Reading in the dark won’t damage your eyes. That is, it won’t affect your vision permanently. And if you’ve heard that reading in dim light can cause nearsightedness—well, that’s not true, either.

But does reading in the dark hurt your eyes temporarily? Yes, it can—reading in the dark or in dim light can cause eye strain. And this can sometimes “hurt,” meaning it can cause soreness or other uncomfortable symptoms. Eye strain can also affect your sight while you’re experiencing it.

Fortunately, eye strain is temporary and won’t injure your eyes in any lasting way. (If you like to read under the covers late at night, go ahead and breathe a sigh of relief.)

We’re here to shed some light on how reading in the dark can affect your eyes. Read on for some helpful tips on how to avoid eye strain from late-night reading. 

How Reading in the Dark Can Cause Eye Strain

Even if you consider yourself a night owl, you’re still only human—you don’t have the sharp night vision that owls have. For human eyes, reading in low light is hard work. And like other parts of our body, our eyes get tired if they work hard. This eye fatigue is also known as eye strain.

If you have eye strain, you might get a feeling of heavy, overworked eyes. Other common symptoms of eye strain are headaches, irritated eyes, shoulder or neck pain, blurry vision, and double vision.

Here are some reasons low light can strain your eyes:

  • In low light, it’s harder for your eyes to focus. 
  • As we age, our vision naturally declines, sometimes more noticeably in low light. This is a condition called presbyopia.
  • Nearsightedness and astigmatism could make reading in dim lighting more challenging. 
  • Other untreated eye conditions could aggravate eye strain.
  • People may blink less when the lighting is dim. This can lead to dry eye syndrome and eye strain.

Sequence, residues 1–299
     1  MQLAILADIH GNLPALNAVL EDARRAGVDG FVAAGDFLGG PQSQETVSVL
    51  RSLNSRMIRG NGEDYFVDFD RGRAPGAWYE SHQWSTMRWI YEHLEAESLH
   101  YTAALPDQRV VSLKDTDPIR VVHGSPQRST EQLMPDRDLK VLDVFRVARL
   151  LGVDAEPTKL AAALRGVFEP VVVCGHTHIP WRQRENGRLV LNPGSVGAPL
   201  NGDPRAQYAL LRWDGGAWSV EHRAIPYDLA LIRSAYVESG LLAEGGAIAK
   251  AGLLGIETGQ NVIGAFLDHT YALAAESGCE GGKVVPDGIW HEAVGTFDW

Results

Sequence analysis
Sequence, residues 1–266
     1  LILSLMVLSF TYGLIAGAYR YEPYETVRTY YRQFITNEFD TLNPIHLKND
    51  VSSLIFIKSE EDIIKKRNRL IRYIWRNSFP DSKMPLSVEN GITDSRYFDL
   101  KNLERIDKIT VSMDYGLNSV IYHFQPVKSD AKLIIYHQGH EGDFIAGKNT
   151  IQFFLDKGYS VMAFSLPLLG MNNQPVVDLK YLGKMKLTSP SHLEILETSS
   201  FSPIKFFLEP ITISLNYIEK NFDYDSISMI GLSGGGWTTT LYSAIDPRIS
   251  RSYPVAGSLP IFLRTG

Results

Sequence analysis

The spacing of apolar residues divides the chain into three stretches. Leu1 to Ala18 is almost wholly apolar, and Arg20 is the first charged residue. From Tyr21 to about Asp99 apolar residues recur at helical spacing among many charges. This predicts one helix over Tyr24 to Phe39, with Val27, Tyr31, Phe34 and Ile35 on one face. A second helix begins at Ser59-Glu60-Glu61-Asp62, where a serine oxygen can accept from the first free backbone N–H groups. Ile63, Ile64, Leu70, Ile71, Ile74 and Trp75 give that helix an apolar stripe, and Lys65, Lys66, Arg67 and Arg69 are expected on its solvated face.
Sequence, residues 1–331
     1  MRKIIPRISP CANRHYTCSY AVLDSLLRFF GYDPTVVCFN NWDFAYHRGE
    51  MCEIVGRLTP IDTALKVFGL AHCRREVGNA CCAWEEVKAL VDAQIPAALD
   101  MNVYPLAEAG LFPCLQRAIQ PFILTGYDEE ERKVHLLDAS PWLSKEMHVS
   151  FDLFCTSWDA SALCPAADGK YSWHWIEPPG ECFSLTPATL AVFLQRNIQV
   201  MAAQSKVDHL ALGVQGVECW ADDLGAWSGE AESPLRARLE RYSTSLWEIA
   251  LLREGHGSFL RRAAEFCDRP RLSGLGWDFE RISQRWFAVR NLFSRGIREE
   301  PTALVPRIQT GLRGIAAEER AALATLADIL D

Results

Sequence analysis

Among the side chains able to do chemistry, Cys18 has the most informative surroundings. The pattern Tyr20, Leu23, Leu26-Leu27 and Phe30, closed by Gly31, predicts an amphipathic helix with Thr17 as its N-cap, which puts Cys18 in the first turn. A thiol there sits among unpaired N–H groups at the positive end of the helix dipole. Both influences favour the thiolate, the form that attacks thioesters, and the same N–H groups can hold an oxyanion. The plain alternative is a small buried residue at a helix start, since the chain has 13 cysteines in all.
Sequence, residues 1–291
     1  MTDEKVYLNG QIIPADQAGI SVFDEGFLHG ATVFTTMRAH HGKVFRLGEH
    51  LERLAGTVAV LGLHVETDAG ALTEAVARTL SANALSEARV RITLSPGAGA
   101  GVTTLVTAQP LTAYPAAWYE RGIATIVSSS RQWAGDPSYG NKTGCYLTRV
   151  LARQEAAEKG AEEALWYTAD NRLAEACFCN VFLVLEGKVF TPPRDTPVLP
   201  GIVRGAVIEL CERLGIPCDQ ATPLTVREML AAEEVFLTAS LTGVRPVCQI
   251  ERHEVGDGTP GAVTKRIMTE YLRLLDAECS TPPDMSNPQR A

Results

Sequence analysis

Two smiling optometrists in white coats

Persistent eye strain?

Your optometrist can check for any underlying issues and give you expert treatment advice.

What About Reading on a Screen?

Using a phone, iPad, Kindle, or other electronic devices might seem like a great way to read in the dark. After all, the light is built right in. 

But reading on a digital device in the dark can cause eye strain too. Looking at a bright screen in dim light is difficult work for your eyes. It forces your eyes to adjust between the bright screen and the dark room constantly. This can lead to a specific type of eye strain known as digital eye strain or computer vision syndrome

How To Avoid Eye Strain From Reading in the Dark

Graphic showing how to avoid eye strain from reading in the dark

The easiest way to avoid reading in the dark is rather obvious: Turn on a light. But there are more things you can do to cut down on eye strain:

  • If you read on a digital screen, ask a doctor about anti-fatigue and blue light glasses.
  • Try making the room you’re reading in a similar brightness to your screen if you’re reading on a digital device.
  • If you experience eye strain reading in any light (not just in the dark), ask your eye doctor about reading glasses.
  • Remember to blink. This lubricates the eyes, which can reduce eye strain.
  • With your doctor’s direction, use lubricating eye drops.
  • Follow the 20-20-20 rule: Every 20 minutes, take a 20-second break to look at something 20 feet away.
  • Keep up with regular eye exams to make sure your prescription stays current. 

Go Ahead and Read, But Heed the Signs of Eye Strain

Eye strain from reading in the dark could temporarily make it difficult to see well, which could be unsafe and uncomfortable. So it isn’t something to ignore. But eye strain isn’t a dangerous condition long term, and it generally fades away when you rest your eyes. 

Be sure to see a doctor if eye strain—from reading in the dark or otherwise—becomes a recurring problem or if the “strain doesn’t wane” in a reasonable amount of time.

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